We made it back to the dock around 6:15pm, just over 11 hours after we’d left. It’s a bit draining to spend so long on a boat, struggling for stability to stand and peering through binoculars while the sun beats down. But wen the results were amazing. There’s still some lifers out there for me to get, so I’ll probably sign up for another long pelagic next year in this area, are look to take one that explores the Channel Islands and beyond.




Birding Ballona Creek #4 – The East End

A Guide to the East End of Ballona Creek

This post in my Guide to Birding Ballona Creek covers the portion of the creek east of Inglewood Blvd., all the way to Syd Kronenthal Park (3.6 miles). Despite its length, this section of the creek has few birds. The creek is no longer tidal, and there’s very little vegetation in the concrete creek bed. But there are a couple of sections that regularly produce some birds, and a rarity can turn up anywhere. This section of the creek has produced a Sandhill Crane, Sabine’s Gull, Semipalmated Sandpiper, White-throated Sparrow, Tropical Kingbird, and Solitary Sandpiper.



Two eBird hotspots cover this section of Ballona Creek: one is called Ballona Creek–east of Centinela Ave., and the other is called Upper Ballona Creek Bike Path, Culver City.  It’s not clear where the “East of Centinela Ave.” hotspot ends and the “Upper Ballona Creek Bike Path” hotspot begins. To add to the confusion, the “East of Centinela Ave.” hotspot overlaps with the “Ballona Creek–Centinela Ave. to Inglewood Blvd.” hotspot (a short section of the creek east of Centinela Ave.). It really should be renamed “Ballona Creek–East of Inglewood Blvd.” (in large part because the creek, and the bird life, noticeably changes at Inglewood Blvd.) Anyhoodle, I use Duquesne Avenue as my dividing line between these two hotspots for the eastern half of the creek bike path. 

Semipalmated Sandpiper Ballona Creek

A Semipalmated Sandpiper stretches its wings

I’ll cover this section of the creek starting from the far east end, and make my way toward the ocean. We start where the bike path ends, at Syd Kronenthal Park. Syd Kronenthal worked for Culver City Parks and Rec for 52 years, and was the driving force behind many of the city’s parks. This is a nice park with a bunch of trees, and a big soccer/baseball field. I haven’t spent a lot of time birding this park, but it’s got some big trees, so there’s always a chance something cool is there. I did find this Merlin one January, perched in trees overlooking the creek.

Merlin Culver City California

This Merlin had its eyes on some Least Sandpipers in the creek

From Syd Kronenthal Park, you descend a slope to hop on the Ballona Creek bike path. The first section runs north/south, and goes under a tall bridge (see picture below). There is almost always some vegetation growing at the water’s edge here, unless the city’s vegetation destruction crew has been dispatched. Black-necked Stilts breed in this section of the creek. They build their nests on raised cement areas in the middle of the creek. Black-necked Stilts are territorial and protective, and will loudly call if you pause to watch them and eggs are in the nest or chicks are around. There are usually some sandpipers here, from fall to spring, but it’s hit and miss. Mostly, they are Least Sandpipers, with a smaller number of Western Sandpipers. I did find a Semipalmated Sandpiper in this section in August 2020, a rare sighting away from the L.A. River for that species. 

ballona creek

An environmental destruction crew scours the creek of any and all vegetation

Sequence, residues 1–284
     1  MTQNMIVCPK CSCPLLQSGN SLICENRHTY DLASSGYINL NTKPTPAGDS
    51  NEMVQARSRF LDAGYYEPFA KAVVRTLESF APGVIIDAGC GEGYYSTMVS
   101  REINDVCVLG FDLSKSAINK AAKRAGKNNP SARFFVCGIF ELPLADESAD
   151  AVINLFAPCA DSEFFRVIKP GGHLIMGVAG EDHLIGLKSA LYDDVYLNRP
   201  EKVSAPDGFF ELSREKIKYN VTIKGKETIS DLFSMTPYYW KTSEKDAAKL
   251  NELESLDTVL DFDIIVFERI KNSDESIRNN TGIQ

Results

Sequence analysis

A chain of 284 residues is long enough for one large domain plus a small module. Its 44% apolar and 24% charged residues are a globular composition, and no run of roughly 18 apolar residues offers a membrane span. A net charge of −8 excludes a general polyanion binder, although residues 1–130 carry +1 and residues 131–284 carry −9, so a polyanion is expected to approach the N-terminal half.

After a half mile, the creek turns southwest, and goes past the Baldwin Hills Scenic Overlook and its famous steep staircase (I used the 282 stairs as sea-level training for hiking the Inka Trail – note the nearest creek access is Duquesne Avenue). There are more Black-necked Stilts here (watch for nests and newborns), and rock pigeons on the wires over the creek. In March, Northern Rough-winged Swallows arrive. They often perch on the guardrails along the bike path, and will disappear into the holes in the concrete sides of the creek bed. 

The creek widens just south of Duquesne  Avenue, where a small tributary appears from beneath the houses east of the creek and adds water flow. This wide, shallow section is a good spot for sandpipers. If they are small, they are Least and Western Sandpipers, but I’ve had Solitary Sandpipers in this area (in late August and early September). After Jackson Avenue (where a pipeline bridge crosses the creek), birdlife mostly vanishes until Overland Avenue . Mallards and Killdeer are about all the action you can expect, though Walter Lamb improbably found a Sandhill Crane in this section of the creek one day.

Solitary Sandpiper Ballona Creek

This Solitary Sandpiper hung around for a couple of weeks in Aug-Sept 2018

As the bike path continues toward the ocean, it passed by Culver City High school fields (a Whimbrel is my most surprising sighting here) and native garden along the fence (a White-throated Sparrow popped out of the bushes one December).

After crossing under the 405 freeway, the bike path passes Slauson Park, which has a small collection of tall trees. Despite its proximity to my house, I haven’t explored it enough (for migrants, or a wintering songbird). From Mar Vista Gardens to Inglewood Blvd, you can often find a gull flock of shifting size. I lack Andy Birch’s obsession with scanning gull flocks for rarities, but some careful attention here could probably pull our something good during the winter.  I did find a juvenile Sabine’s Gull here in October 2016 that stuck around for 4 days. You’ll likely hear the shrieks of exotic pet birds like a cockatiel or budgerigar coming from Mar Vista Gardens as you pass by. They’ve always been in cages, but maybe one will break out someday and become a non-countable escapee. 

Set your expectations low for this 3-mile section of creek. The birds aren’t numerous, and the species counts won’t be big. Given its length, it is best covered by bike rather than on foot. But like anywhere else, surprises await.

Access Points to the Bike Path in this section (starting at east end):

  • Syd Kronenthal Park
  • Duquesne Ave. (access to Culver City Park)
  • Overland Ave.
  • Westwood Blvd. bridge (for a quick detour to Lindberg Park)
  • Sepulveda Blvd.
  • Purdue Avenue (just south of Sawtelle Blvd)
  • Slauson Park. 
  • Inglewood Blvd.